This is Part Two in a two-part interview between Hilary Wainwright and Campaign for Nuclear Disarmament (CND) activists Kate Hudson and Bruce Kent, which took place as they were delivering a letter to the Russian Embassy. Read Part One here.
Hilary Wainwright: Kate, how can we, in the UK peace movement, materially support and strengthen the brave peace movement in Russia? Can peace movements form links at a grassroots level?
Kate Hudson: We know, from the war in Iraq, how important the international peace movement was to people who were experiencing that onslaught. Similarly for the Palestinian people today, to know when they are under attack, that there are hundreds of thousands, if not millions, of people globally on their side and rooting for them – that’s incredibly important.
Social media makes it easier [to form international links]. It is still possible in Russia to engage with people via social media; so any kind of tweets, online support, messages of support are vital. We’ve been sharing a lot of videos from Moscow, St Petersburg and other cities, and involving activists from Russia and also from Ukraine in international Zoom meetings — whether they are public meetings or planning meetings on how we can work together strategically. All that is much easier than it’s been in the past, and much more instantaneous.
CND is involved with Europe-wide organisations or international networks — like the International Peace Bureau and the European No to NATO Network — who have Russian, Ukrainian and much more eastern European involvement – so we’re able to find out how we can concretely support them and what are the organisations that, for example, people can send donations to?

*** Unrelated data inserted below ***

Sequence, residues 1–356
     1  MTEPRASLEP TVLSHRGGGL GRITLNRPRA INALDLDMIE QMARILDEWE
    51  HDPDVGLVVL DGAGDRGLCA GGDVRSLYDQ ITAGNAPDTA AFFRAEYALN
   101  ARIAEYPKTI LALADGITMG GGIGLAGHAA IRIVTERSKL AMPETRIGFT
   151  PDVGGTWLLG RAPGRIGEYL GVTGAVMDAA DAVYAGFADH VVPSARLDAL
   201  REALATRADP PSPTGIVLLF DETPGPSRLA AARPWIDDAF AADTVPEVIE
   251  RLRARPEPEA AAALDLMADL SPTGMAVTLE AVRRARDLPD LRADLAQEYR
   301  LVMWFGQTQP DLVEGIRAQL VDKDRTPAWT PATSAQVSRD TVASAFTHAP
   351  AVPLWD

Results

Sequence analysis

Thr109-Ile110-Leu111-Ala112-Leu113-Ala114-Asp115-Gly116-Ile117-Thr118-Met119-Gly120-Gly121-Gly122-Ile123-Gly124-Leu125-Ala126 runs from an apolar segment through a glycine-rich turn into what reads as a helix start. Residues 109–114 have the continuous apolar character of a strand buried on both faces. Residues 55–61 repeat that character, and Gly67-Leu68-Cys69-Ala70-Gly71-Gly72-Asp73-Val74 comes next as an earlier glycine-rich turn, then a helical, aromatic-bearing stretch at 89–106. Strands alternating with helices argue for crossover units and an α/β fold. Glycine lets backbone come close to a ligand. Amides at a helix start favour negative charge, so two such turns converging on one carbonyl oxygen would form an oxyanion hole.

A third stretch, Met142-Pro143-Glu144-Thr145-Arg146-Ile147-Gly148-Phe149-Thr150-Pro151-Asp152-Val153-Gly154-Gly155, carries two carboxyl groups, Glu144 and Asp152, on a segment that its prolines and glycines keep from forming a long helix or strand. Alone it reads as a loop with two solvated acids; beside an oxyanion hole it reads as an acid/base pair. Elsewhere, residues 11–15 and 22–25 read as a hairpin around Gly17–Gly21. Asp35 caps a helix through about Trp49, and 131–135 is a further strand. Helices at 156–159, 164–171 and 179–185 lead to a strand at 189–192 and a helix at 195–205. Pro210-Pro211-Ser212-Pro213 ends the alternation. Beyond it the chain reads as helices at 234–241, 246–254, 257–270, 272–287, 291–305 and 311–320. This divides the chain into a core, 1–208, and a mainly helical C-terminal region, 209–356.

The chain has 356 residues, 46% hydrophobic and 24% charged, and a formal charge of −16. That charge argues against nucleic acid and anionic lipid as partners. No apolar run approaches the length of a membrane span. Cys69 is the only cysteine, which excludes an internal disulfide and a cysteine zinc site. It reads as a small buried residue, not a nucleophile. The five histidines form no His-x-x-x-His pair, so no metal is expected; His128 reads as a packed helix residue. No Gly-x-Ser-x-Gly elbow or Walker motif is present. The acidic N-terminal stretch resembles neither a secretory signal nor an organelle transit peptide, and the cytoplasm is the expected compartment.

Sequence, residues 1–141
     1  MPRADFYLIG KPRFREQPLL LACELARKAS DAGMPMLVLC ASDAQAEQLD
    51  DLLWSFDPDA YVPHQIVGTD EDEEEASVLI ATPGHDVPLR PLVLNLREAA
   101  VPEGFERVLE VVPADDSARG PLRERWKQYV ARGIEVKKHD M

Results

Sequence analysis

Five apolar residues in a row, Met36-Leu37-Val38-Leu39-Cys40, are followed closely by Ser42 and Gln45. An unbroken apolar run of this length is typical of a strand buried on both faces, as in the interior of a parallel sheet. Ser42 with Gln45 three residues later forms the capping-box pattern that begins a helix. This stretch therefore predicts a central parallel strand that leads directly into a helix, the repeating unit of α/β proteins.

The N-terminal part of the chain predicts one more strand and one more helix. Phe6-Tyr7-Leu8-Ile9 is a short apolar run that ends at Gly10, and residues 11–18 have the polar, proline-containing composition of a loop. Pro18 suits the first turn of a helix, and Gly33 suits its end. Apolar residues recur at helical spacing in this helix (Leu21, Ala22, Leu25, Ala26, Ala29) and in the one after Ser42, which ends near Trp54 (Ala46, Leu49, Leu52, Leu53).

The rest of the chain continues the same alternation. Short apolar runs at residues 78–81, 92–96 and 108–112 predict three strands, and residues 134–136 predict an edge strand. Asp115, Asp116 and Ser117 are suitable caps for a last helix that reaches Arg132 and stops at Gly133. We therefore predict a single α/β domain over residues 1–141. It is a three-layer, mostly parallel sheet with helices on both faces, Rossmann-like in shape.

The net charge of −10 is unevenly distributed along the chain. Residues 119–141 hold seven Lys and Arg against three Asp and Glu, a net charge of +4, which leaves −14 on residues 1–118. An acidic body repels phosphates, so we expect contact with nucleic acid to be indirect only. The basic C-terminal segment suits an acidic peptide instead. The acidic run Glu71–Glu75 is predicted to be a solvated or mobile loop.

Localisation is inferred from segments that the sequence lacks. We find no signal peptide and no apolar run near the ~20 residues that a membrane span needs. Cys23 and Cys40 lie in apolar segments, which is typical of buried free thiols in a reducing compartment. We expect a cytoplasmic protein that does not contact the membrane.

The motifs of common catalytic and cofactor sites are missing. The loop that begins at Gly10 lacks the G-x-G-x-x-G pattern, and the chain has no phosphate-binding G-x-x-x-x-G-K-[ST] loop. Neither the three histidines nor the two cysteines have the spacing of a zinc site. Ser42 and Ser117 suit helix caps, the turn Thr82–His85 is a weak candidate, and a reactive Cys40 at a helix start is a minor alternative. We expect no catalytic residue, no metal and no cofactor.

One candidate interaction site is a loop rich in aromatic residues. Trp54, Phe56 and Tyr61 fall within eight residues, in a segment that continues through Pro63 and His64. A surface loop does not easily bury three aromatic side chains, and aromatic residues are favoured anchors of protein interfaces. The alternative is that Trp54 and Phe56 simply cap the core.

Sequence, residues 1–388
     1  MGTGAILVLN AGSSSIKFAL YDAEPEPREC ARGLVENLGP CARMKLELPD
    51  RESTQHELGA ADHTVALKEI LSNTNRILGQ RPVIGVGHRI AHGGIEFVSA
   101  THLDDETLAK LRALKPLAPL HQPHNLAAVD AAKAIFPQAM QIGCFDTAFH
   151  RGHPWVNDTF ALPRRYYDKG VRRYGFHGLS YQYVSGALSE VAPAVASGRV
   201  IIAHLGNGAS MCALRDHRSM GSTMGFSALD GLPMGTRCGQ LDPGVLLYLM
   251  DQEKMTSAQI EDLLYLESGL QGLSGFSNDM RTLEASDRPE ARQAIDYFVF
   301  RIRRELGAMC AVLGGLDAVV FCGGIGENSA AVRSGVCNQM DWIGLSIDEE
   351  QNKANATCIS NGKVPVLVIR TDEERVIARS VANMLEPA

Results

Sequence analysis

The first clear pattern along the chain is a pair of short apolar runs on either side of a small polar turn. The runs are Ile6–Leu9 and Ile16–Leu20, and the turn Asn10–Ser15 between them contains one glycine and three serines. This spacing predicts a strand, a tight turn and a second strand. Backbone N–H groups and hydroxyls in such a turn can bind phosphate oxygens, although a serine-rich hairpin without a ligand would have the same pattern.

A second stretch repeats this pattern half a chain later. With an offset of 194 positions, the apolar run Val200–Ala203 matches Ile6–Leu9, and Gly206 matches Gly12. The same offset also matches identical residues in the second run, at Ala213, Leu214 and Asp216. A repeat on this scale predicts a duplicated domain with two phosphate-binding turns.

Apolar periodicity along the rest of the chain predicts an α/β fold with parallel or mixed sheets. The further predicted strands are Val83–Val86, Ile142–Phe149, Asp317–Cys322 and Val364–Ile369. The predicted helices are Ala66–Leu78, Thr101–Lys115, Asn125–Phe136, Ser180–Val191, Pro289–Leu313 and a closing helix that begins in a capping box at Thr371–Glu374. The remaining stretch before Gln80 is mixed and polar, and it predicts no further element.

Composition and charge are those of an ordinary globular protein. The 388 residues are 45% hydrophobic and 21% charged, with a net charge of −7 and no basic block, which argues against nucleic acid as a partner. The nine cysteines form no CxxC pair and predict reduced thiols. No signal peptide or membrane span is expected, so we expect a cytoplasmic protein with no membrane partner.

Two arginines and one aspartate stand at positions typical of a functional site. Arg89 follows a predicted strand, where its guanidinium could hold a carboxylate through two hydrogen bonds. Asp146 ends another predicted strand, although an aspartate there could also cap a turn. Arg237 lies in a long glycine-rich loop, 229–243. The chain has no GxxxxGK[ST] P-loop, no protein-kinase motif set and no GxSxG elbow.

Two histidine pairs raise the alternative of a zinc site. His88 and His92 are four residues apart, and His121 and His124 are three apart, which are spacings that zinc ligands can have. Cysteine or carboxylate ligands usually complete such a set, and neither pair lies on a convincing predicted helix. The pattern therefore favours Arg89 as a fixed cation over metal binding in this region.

Another example, last night we received a long statement from the Ukrainian pacifist movement. You can imagine how difficult it is for a pacifist organisation at this time — we’re helping them to get their message out as well, so there’s a counter to all the militarisation going on.
HW: In the description of the peace movement in Russia, there are quite a lot of councillors involved in supporting it, against the war. Could we organise people from the Western peace movement to be observers at the protests in Russian cities, with the support of local councillors and municipalities, to perhaps deter some of the repression?
KH: We’re certainly looking at a peace delegation. Obviously, that will take some kind of planning. ’Twinning’ is something we are looking into with our local groups, and it’s something we’ve done in the past — trying to make people-to-people links across borders, to try and break down the idea that people over here are good, and people over there are bad. We’re just all ordinary people who want to live our lives in peace.
In some cases, cities or towns here may be looking at un-twinning from their Russian twin towns. But actually that’s not a good idea, because there will be many people in those towns and cities who are against the war.
HW: So could the official twinning be turned to support the grassroots peace movement, rather than the municipality?
KH: Exactly. There is a huge groundswell of public opinion against the war there. We need to be in solidarity with them, not seeing them all as the enemy. That would be a disaster and completely counter to everything that the peace movement stands for.
Our first strategic objective is the prevention and cessation of wars in which nuclear weapons may be used. We’ve tried to prevent this war by arguing for diplomatic solutions, for negotiations — writing to the government and urging them to use diplomatic means. That has failed and now we’re in the stage of working for cessation. This is our priority, because we’re an anti-nuclear campaign.